# SimpleBlog

Index of all articles## Patterns, what is it what I am looking for?

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As always, I have to warn you, that what follows are the thoughts of a naive mathematican. A serious mathematican will probably say: Hey boy, do real math, every thing you think about, is already described in a consensual and clear form! But for me it’s realy fun to bootstrap my own view of the world out of my hummingbird mind. And sometimes there is this aha feeling!

So, I am a pattern searcher and the math universe is so big (indeed the bigest), that I gave up to undertsand it realy (but still hoping that it makes klick, without any hope that I can ever transform any not trivial equation without a mistake ;-)))

While thinking about a permutation game, I implemented and quadratic spirals, which a long time fascinated me and still do, I got deeper into the concept of permutations (the possible quadratic spirals are 8 specific permutations based on the size of the quadratic matrix and permutation game stands for it self). So I found some texts about group theory and symmetrie and got a naive notion of these concepts.

The spirals brought me to the very naive notion of spiral symmetrie, i.e. binary patterns that map to themself when they are spiralized. I was fascinated about the strange patterns and numbers I found, but as always, if you do no real math, you can only scrap the surface. (By the way: as real mathematican you have the same problem, but your surface is much bigger ;-) After a while I recogniced, that the 8 spiral permutations are only a very small cut-out of possible symmetrie operations.

**I think every permutation of n elements founds a symmetrie group over a n-sized pattern.**

**But, what is a meaningful pattern?**

1. Patterns are ordered.

2. It is essential, that the elements of patterns are identifyable and distinguishable if different elements are involved.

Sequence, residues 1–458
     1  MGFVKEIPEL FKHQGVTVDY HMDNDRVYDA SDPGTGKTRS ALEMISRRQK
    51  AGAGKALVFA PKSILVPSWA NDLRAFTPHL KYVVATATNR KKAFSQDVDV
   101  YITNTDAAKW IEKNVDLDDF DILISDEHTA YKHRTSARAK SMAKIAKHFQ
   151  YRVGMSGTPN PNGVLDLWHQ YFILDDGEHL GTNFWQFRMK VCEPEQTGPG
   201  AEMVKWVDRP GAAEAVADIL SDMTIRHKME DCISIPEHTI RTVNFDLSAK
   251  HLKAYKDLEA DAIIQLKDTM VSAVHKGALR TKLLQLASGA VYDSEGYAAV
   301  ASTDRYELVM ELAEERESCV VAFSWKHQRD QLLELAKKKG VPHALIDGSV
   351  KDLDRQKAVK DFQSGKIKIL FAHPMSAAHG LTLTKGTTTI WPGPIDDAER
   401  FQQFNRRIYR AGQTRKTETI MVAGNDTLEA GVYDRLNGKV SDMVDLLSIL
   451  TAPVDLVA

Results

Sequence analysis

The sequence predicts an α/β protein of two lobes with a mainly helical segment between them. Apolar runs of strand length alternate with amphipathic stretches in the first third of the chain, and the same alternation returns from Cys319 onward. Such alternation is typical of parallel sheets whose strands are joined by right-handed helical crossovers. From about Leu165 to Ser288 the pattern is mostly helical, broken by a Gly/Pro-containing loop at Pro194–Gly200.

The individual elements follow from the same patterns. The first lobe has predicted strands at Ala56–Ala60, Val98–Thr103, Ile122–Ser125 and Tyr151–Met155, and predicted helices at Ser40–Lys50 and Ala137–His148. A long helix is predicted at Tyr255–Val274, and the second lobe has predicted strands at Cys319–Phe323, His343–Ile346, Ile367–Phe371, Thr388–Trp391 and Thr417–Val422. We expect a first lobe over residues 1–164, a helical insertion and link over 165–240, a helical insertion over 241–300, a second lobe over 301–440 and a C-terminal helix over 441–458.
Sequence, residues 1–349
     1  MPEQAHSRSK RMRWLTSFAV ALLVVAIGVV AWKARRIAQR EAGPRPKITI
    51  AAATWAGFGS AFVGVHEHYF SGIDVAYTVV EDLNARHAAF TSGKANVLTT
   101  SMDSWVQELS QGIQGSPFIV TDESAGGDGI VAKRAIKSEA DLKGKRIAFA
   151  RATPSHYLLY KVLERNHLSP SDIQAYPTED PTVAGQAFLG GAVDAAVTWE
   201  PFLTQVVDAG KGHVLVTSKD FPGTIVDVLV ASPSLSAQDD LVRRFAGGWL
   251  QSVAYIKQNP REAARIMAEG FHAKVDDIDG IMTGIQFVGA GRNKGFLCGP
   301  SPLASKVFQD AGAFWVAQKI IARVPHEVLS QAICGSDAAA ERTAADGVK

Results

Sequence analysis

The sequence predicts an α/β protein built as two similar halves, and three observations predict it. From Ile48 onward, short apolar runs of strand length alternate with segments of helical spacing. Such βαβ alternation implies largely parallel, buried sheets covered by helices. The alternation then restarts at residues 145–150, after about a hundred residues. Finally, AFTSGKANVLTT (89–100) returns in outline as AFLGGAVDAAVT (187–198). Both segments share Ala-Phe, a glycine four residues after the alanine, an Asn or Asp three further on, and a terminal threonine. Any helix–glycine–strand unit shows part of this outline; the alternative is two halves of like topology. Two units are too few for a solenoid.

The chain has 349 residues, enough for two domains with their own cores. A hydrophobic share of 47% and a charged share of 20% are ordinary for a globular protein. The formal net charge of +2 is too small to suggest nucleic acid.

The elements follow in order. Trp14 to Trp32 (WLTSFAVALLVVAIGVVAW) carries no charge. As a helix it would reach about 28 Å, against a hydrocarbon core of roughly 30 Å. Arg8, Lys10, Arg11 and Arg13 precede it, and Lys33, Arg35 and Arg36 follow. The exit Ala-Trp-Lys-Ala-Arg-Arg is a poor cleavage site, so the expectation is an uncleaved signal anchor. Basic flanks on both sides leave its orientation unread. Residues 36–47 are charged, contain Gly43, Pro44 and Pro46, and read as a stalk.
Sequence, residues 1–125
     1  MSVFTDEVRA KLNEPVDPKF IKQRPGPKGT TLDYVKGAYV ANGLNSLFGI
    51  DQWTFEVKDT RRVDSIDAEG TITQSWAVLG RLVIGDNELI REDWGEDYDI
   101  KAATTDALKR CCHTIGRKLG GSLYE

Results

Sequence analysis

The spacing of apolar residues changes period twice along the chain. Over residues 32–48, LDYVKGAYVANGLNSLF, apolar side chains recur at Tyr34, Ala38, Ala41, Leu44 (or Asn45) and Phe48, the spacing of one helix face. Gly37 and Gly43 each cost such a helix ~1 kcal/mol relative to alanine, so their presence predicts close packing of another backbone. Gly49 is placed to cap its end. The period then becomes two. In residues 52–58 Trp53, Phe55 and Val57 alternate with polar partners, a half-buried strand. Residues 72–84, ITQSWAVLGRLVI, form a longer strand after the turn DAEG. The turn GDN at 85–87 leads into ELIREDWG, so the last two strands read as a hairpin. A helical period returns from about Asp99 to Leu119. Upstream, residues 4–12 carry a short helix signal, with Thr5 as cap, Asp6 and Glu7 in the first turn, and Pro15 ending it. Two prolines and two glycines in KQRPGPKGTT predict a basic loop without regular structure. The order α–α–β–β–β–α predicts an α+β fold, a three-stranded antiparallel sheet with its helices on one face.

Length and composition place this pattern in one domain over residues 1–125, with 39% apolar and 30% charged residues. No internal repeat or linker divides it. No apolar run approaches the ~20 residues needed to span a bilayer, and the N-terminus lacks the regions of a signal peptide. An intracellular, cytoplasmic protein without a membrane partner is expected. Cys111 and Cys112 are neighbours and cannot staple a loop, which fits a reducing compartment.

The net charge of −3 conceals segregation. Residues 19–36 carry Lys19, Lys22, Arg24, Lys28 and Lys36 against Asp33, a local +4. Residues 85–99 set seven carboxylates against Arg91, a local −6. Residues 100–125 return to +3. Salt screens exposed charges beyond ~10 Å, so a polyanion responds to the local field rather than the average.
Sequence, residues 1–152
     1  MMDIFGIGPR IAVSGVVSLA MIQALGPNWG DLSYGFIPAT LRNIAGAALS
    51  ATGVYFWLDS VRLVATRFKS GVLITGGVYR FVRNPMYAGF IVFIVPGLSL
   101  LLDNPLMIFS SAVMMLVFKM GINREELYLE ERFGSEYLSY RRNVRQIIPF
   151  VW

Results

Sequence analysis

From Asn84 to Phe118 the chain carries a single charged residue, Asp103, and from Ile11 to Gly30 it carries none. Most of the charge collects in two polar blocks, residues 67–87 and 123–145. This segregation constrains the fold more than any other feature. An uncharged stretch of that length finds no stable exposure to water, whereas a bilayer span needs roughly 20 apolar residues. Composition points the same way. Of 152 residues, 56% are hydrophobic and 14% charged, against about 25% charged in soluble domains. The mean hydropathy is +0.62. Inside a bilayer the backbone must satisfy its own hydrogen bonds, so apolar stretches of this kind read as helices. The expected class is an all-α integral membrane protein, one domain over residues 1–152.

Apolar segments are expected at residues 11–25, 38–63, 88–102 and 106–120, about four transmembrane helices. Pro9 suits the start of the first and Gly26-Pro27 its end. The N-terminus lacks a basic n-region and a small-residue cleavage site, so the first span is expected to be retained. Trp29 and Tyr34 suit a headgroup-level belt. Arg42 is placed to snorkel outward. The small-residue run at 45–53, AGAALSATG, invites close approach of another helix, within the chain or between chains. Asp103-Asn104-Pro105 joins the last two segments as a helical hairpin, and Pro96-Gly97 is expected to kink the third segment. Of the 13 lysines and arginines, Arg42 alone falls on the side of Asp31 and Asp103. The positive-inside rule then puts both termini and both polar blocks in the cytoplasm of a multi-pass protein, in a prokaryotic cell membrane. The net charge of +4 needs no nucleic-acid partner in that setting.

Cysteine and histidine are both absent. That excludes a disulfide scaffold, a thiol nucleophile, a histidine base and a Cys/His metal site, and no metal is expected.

3. It is also essential, that individual elements can appear more then one time.

4. There is a hierachy of recursive patterns. But there are atoms, something like patternpatterns. And so:

5. There are sets of abstract atomic patterns, that are n-sized and built from at most n distinguishable elements.

**And here they are:**

### The set of abstract atomic patterns over 1 individual element

A world with one individual can only form one pattern! I took the colour white for the first individual. Let’s call white 1.

Setsize: 1

### The set of abstract atomic patterns over 2 individual elements

A world with two individuals can only form 3 patterns! I took the colour black for the second individual. Let’s call black 0.

Setsize: 3

### The set of abstract atomic patterns over 3 individual elements

A world with 3 individuals can only form 10 patterns! I took the colour red for the 3. individual. Let’s call red 2 (this I have to rethink, but if you want countable numbers this makes sense. May be it works with white=0 and black=1 also.)

Setsize: 10

### The set of abstract atomic patterns over 4 individual elements

A world with 4 individuals can only form 47 patterns! New colour green.

Setsize: 47

### The set of abstract atomic patterns over 5 individual elements

A world with 5 individuals can only form 246 patterns! New colour blue.

Setsize: 246

### and so on …

**So what’s remarkable?**

1. The last subset represents the permutations over n elemnets. So you can use this patterns to check the symmetries over the other subsets.

2. The subsets are based on the partitions of n. So for example: 3 = 3, 2+1, 1+1+1

3. And so the setsize follows for example 3, with c(x,y) = number of ordered x-sized combinations out of y elements: c(3,3)+ c(2,3) x c(1,1) + c(1,3) x c(1,2) x c(1,1) = Setsize(3) = 10 and for all n: 1, 3, 10, 47, 246, 1602, 11481, 95503, 871030, 8879558 … which is A005651: Sum of multinomial coefficients

4. Symmerties: A lot of work, but for example subset one has always the last sets size symmetries. (but this is trivial)